Top 5 Ways To Prevent the Spread of Viruses in Hospitals

Updated on March 9, 2023

Hospitals are where sick people go to receive treatment and to feel better. Yet, hospitals are also a common source of transmission for some of the most prevalent viruses, including RSV, COVID-19, and the flu. Hospital staff and administrators have a duty to put strategies in place to prevent the spread of viruses. Here are some of the best ways to prevent the transmission of viruses in hospitals.

Enforcing Personal Protection Equipment

Personal protection equipment (PPE), including masks and gloves, is especially important in preventing the spread of viruses in hospitals. Requiring staff and visitors to wear masks protects ill patients and reduces the likeliness of transmission between asymptomatic people. It’s also important to note that while gloves can help stop the spread of viruses, they shouldn’t be a replacement for hand-washing. 

Providing staff with ample PPE equipment increases the chance that they’ll use them properly and replace them between patients. Using medical-quality aprons and gowns can also stop transmission by preventing pathogens from soiling clothing and scrubs. Medical providers who work with patients where they’re exposed to bodily fluids should change aprons and gloves between each patient.

Protocols for Highly Transmissible Viruses


Image via Flickr by Presidencia de la Republica Mexicana

Some viruses are extremely contagious, including RSV and COVID-19, making prevention techniques like frequent hand washing and deep cleaning less reliable. In these cases, hospitals may set up specific protocols on how to handle patients with highly transmissible viruses. For example, some hospital rooms with positive and negative pressure machines can reduce transmission through the air. Proper PPE should be available to all staff working with these patients. The appropriate signage should also be available to alert staff and visitors of the riskier environment.

However, for the best results, protocols to stop highly transmissible viruses also need to include the ability to recognize and separate patients displaying symptoms quickly. Some viruses can rapidly spread throughout a hospital or medical facility if patients are left in the waiting room for too long.

Frequent Hand-washing

Frequent hand-washing is one of the best ways to stop the spread of viruses. Germs can live on a person’s hands for several hours or days. Patients, staff, and visitors who carry pathogens can easily spread viruses to others through high-touch points like door handles, faucets, light switches, and remotes.

In addition to requiring frequent hand-washing in hospital settings, it can also be helpful for hospitals and medical facilities to make this important task easier. Setting up hand sanitizing stations between patient rooms increases the frequency with which staff properly clean and disinfect hands between tasks. Following World Health Organization (WHO) hand-washing guidelines can also stop the spread of viruses. The WHO recommends medical providers wash their hands before touching a patient, before performing a procedure, after a procedure, after touching a patient, and after touching anything in a client’s environment.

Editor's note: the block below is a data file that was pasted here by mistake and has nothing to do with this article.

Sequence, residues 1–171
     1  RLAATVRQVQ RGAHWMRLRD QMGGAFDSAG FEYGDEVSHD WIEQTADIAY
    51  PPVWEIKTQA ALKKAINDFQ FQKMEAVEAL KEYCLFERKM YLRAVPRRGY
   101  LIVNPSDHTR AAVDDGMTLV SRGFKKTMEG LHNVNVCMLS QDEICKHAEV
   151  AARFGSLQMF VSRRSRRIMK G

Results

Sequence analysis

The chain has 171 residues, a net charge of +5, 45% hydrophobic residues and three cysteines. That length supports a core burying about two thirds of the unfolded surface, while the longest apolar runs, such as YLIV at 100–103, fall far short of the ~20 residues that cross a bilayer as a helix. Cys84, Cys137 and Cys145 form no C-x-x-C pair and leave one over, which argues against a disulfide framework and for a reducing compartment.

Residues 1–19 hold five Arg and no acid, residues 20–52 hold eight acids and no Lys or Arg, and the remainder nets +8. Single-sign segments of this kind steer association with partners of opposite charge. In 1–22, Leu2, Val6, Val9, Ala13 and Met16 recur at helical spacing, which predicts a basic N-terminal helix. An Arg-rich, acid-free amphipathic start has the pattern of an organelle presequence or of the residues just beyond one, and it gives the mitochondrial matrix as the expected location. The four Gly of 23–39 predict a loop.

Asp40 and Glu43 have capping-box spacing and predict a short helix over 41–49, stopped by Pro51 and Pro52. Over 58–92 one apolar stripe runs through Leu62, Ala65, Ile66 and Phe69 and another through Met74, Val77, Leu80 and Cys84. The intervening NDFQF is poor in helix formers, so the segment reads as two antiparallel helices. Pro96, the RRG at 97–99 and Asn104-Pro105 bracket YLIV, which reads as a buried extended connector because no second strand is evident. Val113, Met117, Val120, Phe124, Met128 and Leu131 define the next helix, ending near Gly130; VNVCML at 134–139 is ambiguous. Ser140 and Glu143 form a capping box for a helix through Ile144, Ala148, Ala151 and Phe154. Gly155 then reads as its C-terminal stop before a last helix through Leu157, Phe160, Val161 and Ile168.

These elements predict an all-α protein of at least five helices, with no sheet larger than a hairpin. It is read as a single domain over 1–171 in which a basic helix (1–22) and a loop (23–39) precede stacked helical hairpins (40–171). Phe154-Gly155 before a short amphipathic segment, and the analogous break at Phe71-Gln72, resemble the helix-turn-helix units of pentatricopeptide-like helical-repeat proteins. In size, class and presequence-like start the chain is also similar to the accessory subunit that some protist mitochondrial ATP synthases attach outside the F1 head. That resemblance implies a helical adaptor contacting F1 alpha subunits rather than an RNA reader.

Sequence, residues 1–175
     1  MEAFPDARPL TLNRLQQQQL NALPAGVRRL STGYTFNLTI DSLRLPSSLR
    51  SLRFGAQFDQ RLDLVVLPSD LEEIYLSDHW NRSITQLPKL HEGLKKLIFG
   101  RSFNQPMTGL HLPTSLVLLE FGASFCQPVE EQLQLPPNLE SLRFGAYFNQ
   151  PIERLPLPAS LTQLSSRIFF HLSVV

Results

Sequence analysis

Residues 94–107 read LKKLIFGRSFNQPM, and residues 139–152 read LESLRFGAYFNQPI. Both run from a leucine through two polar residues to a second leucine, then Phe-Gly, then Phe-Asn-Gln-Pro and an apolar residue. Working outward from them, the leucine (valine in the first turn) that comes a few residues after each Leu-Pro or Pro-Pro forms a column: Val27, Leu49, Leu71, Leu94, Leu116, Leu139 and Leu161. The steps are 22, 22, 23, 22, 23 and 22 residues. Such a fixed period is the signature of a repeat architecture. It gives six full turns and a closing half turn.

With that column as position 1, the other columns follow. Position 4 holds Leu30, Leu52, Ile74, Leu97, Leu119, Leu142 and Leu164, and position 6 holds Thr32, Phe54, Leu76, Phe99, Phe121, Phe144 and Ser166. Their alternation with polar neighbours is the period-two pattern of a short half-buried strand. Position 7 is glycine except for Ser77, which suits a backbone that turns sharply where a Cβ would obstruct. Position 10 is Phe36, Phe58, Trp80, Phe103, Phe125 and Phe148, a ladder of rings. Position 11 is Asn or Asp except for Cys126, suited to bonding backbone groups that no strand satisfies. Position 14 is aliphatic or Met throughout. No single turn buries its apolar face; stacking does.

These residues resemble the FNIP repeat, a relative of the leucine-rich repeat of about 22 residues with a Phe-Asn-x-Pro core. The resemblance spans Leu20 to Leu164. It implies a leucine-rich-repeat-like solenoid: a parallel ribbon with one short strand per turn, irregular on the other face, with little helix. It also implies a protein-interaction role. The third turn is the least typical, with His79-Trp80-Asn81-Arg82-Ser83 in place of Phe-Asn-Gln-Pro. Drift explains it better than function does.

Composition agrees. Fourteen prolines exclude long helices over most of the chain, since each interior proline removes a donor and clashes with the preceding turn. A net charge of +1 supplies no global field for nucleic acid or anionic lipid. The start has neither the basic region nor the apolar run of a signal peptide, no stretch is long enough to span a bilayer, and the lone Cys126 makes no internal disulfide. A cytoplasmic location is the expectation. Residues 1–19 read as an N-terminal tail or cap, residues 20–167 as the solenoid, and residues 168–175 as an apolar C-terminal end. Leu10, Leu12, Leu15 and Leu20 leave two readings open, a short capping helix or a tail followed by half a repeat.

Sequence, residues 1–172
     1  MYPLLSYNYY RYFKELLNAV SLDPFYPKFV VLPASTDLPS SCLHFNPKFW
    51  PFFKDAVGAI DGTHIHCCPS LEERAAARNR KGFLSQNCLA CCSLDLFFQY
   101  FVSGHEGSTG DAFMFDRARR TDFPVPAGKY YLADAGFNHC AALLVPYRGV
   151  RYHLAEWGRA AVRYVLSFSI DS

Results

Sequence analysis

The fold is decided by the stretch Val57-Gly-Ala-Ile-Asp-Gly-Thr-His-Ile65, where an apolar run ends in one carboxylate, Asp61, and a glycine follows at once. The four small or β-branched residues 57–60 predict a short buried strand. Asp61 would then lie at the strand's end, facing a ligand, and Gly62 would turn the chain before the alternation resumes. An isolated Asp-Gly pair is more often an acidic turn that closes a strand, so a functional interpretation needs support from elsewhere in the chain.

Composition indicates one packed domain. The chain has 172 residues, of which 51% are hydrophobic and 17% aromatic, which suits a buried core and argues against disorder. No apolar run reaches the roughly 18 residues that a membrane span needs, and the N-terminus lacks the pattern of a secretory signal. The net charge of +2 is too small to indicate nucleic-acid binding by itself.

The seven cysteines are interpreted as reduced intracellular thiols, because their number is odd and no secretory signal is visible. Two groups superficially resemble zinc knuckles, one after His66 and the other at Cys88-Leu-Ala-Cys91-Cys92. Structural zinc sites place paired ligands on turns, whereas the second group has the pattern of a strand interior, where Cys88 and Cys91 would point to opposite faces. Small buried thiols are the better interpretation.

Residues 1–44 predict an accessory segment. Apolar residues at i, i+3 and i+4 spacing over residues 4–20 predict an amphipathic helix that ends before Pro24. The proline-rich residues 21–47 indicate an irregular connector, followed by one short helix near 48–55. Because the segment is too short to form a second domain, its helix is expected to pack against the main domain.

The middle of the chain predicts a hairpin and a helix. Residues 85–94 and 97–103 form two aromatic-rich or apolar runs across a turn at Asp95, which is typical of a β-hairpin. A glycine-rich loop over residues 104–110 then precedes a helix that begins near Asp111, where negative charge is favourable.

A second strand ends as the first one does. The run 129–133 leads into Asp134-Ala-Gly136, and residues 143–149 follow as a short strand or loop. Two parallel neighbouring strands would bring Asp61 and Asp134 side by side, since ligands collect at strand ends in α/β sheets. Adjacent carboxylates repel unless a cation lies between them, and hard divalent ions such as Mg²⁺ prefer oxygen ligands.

Deep Cleaning and Sanitizing Surfaces

Deep cleaning and sanitizing surfaces throughout the hospital is also crucial in stopping the spread of viruses. All patient rooms should be thoroughly cleaned and sanitized before admitting new patients. Many pathogens may be present in a hospital setting, meaning a one-size-fits-all cleaning strategy won’t work. The best way to get rid of pathogens is to choose hospital-grade cleaning products specifically designed to remove them.

The use of advanced cleaning practices can also help remove pathogens. UV sterilization works by penetrating and removing pathogens and can be a great way to disinfect the air. Deep cleaning and sanitizing also include the sterile processing of surgical and medical equipment and food serving equipment. The same thorough cleaning protocols used in patient waiting areas and rooms should extend to other hospital departments, including the kitchen.

Clean Airflow

Thorough cleaning of all high-touch surfaces and patient rooms does little if hospital staff doesn’t put strategies in place to filter airflow. Viruses easily spread through the air between patient rooms. Some viruses can even stay in the air for days, infecting all new patients, staff, and visitors who also enter that room even after the patient has left. 

HEPA air filters are a great way to filter out air contaminants. Air pressure machines can also help promote clean airflow in rooms of patients with highly transmissible viruses. Some hospitals have even begun using UV sterilization in heating and cooling systems to purify and disinfect air for a cleaner environment.

These strategies can help hospitals prevent the spread of common viruses. Prioritizing PPE use, deep hospital cleaning, advanced sanitization protocols, and cleaner airflow can help protect both patients and staff. This provides a cleaner and healthier environment for everyone who frequents the hospital.

The Editorial Team at Healthcare Business Today is made up of skilled healthcare writers and experts, led by our managing editor, Daniel Casciato, who has over 25 years of experience in healthcare writing. Since 1998, we have produced compelling and informative content for numerous publications, establishing ourselves as a trusted resource for health and wellness information. We offer readers access to fresh health, medicine, science, and technology developments and the latest in patient news, emphasizing how these developments affect our lives.